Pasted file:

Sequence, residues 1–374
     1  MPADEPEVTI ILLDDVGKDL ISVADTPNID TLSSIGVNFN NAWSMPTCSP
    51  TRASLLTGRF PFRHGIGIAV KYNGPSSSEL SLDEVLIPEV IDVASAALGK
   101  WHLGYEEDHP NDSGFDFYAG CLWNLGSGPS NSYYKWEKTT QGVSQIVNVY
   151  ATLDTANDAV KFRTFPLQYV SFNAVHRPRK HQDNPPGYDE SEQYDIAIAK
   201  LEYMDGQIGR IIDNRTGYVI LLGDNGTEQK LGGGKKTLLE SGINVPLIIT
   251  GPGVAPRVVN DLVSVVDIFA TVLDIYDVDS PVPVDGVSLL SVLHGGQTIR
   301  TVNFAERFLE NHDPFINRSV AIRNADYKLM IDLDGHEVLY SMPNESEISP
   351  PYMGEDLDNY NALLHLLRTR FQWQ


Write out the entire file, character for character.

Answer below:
Sequence, residues 1–374
     1  MPADEPEVTI ILLDDVGKDL ISVADTPNID TLSSIGVNFN NAWSMPTCSP
    51  TRASLLTGRF PFRHGIGIAV KYNGPSSSEL SLDEVLIPEV IDVASAALGK
   101  WHLGYEEDHP NDSGFDFYAG CLWNLGSGPS NSYYKWEKTT QGVSQIVNVY
   151  ATLDTANDAV KFRTFPLQYV SFNAVHRPRK HQDNPPGYDE SEQYDIAIAK
   201  LEYMDGQIGR IIDNRTGYVI LLGDNGTEQK LGGGKKTLLE SGINVPLIIT
   251  GPGVAPRVVN DLVSVVDIFA TVLDIYDVDS PVPVDGVSLL SVLHGGQTIR
   301  TVNFAERFLE NHDPFINRSV AIRNADYKLM IDLDGHEVLY SMPNESEISP
   351  PYMGEDLDNY NALLHLLRTR FQWQ